Rīga 2014 expedition explores the ancient Amber Route
This was the first expedition along the new Amber Route in the European Capital of Culture year project. The members of the eight-day expedition made their way from Prague to Zurich, a total of more than 1 700 kilometres, crossing seven countries: the Czech Republic, Slovakia, Austria, Hungary, Slovenia, Liechtenstein and Switzerland.
The expedition team studied the presence and influence of Baltic amber in these countries and established contacts for new cooperation projects. Expedition members did this by meeting renowned scientists, knowledgeable museum curators, amber research enthusiasts and, simply very interesting people.
The members of the expedition were Vita Timermane-Moora, curator of the Rīga 2014 Amber Vein chapter, Rīga Technical University researcher Inga Ļašenko and the creative team from TV programme Ziemeļu puse (Nordic Style) – presenters Marta Selecka and Gustavs Terzens, as well as cameraman Valdis Celmiņš.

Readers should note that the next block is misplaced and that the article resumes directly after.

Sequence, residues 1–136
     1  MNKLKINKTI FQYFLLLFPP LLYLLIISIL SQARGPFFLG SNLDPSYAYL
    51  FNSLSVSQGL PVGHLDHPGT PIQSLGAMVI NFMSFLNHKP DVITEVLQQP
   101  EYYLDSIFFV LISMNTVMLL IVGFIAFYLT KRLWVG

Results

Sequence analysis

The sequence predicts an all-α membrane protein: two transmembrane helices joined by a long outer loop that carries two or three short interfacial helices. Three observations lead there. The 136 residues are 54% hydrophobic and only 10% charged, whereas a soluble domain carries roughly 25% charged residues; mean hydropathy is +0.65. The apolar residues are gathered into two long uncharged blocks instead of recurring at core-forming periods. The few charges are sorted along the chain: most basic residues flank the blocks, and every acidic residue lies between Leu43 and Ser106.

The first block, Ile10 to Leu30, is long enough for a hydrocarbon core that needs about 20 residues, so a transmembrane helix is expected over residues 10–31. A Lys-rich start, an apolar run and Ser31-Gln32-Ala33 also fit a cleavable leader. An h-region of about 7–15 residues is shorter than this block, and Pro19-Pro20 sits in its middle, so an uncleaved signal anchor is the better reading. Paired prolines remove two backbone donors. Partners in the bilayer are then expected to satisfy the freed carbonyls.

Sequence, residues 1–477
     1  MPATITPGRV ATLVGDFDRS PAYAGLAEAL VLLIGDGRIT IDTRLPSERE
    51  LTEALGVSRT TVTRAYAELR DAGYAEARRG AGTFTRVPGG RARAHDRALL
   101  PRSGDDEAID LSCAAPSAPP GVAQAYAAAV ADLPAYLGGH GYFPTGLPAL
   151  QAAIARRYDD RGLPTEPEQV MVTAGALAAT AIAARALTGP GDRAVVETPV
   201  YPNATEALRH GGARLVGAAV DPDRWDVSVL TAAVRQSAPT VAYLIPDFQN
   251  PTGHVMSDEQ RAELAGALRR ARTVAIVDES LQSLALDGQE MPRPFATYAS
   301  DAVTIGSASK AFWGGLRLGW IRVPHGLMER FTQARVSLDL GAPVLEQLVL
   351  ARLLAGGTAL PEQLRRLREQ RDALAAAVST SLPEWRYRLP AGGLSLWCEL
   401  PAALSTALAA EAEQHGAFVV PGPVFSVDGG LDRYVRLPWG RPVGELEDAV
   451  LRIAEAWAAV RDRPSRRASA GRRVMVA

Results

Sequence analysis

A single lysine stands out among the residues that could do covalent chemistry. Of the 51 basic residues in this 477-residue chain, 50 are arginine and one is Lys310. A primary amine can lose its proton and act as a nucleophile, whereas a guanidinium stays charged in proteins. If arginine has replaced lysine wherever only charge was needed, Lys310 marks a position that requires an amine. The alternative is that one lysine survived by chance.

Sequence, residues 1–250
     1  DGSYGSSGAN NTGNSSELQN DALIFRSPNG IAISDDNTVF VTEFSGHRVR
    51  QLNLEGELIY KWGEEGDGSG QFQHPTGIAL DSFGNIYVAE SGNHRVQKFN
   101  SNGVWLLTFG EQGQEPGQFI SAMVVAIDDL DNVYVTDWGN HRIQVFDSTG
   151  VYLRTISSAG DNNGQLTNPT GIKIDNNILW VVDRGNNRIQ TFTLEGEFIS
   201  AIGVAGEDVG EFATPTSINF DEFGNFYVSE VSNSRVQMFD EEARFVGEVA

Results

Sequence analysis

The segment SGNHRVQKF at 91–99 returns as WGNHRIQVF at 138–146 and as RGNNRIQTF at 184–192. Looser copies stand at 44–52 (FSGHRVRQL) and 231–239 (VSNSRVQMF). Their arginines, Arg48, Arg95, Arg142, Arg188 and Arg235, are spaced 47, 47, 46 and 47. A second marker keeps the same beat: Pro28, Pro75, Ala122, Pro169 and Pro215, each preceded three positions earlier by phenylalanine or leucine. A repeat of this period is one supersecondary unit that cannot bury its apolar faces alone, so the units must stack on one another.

As far as ancient European trade routes go, researchers and historians cite the Amber Route as being in the ‘top division’. Many historic manuscripts on eras as far back as the Stone and Bronze ages attest to amber being the most valuable currency of its time, but texts about the Roman Empire are a particularly rich source of ancient testimony to the significance of the Amber Route. Chemical analysis of amber can pinpoint the site of its origin and it is now understood that Baltic amber was found both in Tutankhamun’s tomb and the Seal of Solomon.
A number of expeditions are planned to explore the ancient Amber Route and they will be compiled in a TV series to be broadcast in the spring of 2014.